Washington, D.C., October 19, 2023 – During a Congressional briefing addressing the wrongful incarceration of Indian Muslim activist Umar Khalid, Commissioner Eric Ueland of the US Commission on International Religious Freedom (USCIRF) praised Khalid as a dedicated advocate for religious minorities. Ueland highlighted Khalid’s commitment to peaceful protests against discriminatory legislation.
Ueland urged the United States to seriously consider the substantial evidence pointing to India’s use of stringent anti-terrorism laws to suppress activists from minority faiths. He additionally called on the State Department to formally designate India as a Country of Particular Concern (CPC) due to its severe infringements on religious freedoms.
“We emphasize the critical need for policy recommendations that address these egregious abuses. It is paramount for the United States to designate India as a CPC in the upcoming months, and not let India evade the consequences of such a designation through any dubious waivers,” emphasized Ueland.
On September 13, 2020, Umar Khalid was unjustly charged with terrorism and apprehended under the Unlawful Activities Prevention Act (UAPA). Indian authorities accused him of inciting communal violence following a speech delivered during nationwide protests against the discriminatory Citizenship Amendment Act (CAA). The CAA unfairly discriminates against Muslims, depriving them of the opportunity for expedited Indian citizenship. In his address, Khalid advocated for nonviolent resistance against the far-right government led by Prime Minister Narendra Modi and his BJP party.
Addressing the briefing, Syed Qasim Rasool Ilyas, Umar Khalid’s father, clarified that he spoke not only to advocate for his son’s case, but also to represent the plight of all of India’s political prisoners.
“People must know what is prevailing in the country. India is the largest democracy in the world. But we are afraid of whether it will remain as a democracy or not after the 2024 election. If this government comes back, people feel that the democracy of the country will be lost,” he added.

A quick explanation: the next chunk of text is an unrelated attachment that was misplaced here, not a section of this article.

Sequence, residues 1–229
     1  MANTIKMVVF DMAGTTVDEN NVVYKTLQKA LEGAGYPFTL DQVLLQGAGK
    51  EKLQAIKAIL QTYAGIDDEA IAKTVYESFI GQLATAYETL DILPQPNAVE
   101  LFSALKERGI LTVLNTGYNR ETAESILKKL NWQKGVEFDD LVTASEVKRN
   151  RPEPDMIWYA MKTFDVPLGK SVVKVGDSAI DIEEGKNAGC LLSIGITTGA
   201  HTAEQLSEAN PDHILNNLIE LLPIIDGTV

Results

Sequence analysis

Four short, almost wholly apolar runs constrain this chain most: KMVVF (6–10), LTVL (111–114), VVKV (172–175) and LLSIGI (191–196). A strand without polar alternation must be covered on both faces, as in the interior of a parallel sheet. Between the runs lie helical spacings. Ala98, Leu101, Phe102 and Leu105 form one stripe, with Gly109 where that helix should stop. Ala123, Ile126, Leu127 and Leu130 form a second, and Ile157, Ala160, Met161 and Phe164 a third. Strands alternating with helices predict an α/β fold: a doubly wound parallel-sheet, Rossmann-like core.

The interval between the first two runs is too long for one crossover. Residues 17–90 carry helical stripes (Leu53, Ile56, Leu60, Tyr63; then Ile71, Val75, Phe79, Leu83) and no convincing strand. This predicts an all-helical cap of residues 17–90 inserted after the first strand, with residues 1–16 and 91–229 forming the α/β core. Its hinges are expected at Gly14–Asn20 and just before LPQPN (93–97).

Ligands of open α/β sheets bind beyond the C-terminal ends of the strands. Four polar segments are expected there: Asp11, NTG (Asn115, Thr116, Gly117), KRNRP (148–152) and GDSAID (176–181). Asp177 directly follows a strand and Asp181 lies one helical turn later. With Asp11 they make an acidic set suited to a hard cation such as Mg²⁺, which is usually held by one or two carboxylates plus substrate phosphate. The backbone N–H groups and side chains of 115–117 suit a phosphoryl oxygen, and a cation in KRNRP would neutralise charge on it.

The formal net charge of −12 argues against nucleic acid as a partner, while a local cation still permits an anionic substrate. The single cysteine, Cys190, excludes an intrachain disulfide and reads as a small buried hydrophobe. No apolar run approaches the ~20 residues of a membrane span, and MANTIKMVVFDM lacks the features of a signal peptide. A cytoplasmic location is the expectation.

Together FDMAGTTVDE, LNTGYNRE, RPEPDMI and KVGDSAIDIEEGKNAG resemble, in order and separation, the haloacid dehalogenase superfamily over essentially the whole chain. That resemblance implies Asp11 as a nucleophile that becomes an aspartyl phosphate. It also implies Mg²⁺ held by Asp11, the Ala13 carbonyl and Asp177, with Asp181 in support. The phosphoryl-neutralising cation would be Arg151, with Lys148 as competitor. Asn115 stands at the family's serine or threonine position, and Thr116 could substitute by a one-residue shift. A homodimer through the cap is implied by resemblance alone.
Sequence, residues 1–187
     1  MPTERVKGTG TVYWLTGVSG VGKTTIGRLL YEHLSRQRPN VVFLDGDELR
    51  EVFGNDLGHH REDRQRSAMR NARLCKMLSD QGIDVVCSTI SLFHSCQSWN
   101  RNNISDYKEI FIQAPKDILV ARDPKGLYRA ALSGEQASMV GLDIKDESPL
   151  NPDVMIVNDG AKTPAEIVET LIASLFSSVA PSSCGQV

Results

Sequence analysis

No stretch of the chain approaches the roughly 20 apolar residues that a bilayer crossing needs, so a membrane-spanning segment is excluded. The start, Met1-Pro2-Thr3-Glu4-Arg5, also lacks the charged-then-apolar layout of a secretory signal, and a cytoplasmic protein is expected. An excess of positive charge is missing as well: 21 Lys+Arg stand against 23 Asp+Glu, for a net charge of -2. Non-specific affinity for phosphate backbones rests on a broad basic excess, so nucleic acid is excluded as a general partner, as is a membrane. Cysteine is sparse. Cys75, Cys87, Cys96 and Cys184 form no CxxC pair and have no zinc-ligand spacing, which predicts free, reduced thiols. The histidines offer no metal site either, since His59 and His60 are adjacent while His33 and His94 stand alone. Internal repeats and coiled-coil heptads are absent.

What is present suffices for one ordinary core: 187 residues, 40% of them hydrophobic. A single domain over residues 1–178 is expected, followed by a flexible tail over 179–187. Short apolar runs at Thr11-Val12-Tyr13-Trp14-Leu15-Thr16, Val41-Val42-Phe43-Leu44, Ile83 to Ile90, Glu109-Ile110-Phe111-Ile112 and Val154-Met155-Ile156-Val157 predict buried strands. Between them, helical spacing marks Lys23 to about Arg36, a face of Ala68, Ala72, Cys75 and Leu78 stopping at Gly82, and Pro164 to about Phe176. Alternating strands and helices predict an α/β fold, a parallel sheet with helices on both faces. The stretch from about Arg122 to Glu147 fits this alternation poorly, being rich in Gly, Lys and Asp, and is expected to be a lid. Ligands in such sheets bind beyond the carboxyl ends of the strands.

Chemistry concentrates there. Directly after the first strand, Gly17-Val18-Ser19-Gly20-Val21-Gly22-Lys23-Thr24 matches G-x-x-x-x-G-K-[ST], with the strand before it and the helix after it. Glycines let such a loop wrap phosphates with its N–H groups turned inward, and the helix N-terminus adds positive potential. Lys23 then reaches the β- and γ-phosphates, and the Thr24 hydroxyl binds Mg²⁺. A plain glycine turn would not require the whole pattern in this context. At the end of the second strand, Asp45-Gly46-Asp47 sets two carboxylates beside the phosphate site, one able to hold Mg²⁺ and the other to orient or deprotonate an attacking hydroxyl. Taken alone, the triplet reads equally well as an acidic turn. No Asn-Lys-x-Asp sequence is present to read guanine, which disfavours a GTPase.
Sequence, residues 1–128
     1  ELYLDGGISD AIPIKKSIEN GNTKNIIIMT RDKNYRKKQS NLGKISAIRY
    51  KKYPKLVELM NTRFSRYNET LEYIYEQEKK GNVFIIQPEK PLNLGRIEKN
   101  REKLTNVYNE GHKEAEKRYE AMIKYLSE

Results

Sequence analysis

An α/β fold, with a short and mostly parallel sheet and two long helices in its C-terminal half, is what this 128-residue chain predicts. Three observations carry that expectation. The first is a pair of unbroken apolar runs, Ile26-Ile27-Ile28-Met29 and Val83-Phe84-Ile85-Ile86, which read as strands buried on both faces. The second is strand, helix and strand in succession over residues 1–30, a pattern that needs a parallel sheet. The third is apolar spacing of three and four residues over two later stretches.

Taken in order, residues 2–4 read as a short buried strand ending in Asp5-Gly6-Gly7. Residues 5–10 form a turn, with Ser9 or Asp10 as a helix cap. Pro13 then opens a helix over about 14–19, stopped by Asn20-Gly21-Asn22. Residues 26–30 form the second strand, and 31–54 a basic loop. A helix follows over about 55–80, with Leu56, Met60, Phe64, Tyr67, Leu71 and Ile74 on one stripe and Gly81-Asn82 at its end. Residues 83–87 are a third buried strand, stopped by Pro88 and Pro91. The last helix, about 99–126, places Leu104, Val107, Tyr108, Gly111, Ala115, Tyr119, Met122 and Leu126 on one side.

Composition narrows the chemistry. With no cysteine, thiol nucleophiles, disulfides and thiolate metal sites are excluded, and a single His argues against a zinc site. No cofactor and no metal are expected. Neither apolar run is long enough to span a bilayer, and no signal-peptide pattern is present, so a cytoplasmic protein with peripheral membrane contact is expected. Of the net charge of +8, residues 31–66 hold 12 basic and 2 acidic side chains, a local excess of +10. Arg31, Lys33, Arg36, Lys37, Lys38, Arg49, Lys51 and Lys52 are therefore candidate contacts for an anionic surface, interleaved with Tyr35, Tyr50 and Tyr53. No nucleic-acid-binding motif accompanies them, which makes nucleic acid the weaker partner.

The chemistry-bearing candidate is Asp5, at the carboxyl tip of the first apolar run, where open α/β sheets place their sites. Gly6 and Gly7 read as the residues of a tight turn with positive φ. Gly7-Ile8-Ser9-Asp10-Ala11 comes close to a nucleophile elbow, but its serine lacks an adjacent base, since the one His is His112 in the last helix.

Other speakers included Nausicaa Renner, Deputy Editor of The Intercept, who highlighted the dangerous trend of equating speaking out against state power with terrorism. Indian journalist Niranjan Takle quoted Umar Khalid’s speech to anti-CAA protestors, emphasizing the peaceful intent behind it and the unjust charges brought against Khalid.
Pieter Friedrich, an independent journalist and author, drew attention to the stark contrast between the Indian government’s treatment of Khalid and its silence regarding Sadhvi Rithambara, a leader of the Hindu militant group Vishwa Hindu Parishad.
“This young student activist is incarcerated for participating in protests in which members of his own Muslim community were killed by the ruling authorities, while Sadhvi Rithambara is free to travel internationally as a spokesperson of the Hindu nationalist movement,” Friedrich noted.
The special briefing was co-sponsored by 18 American civil rights organizations, including the Indian American Muslim Council, Genocide Watch, World Without Genocide, and others.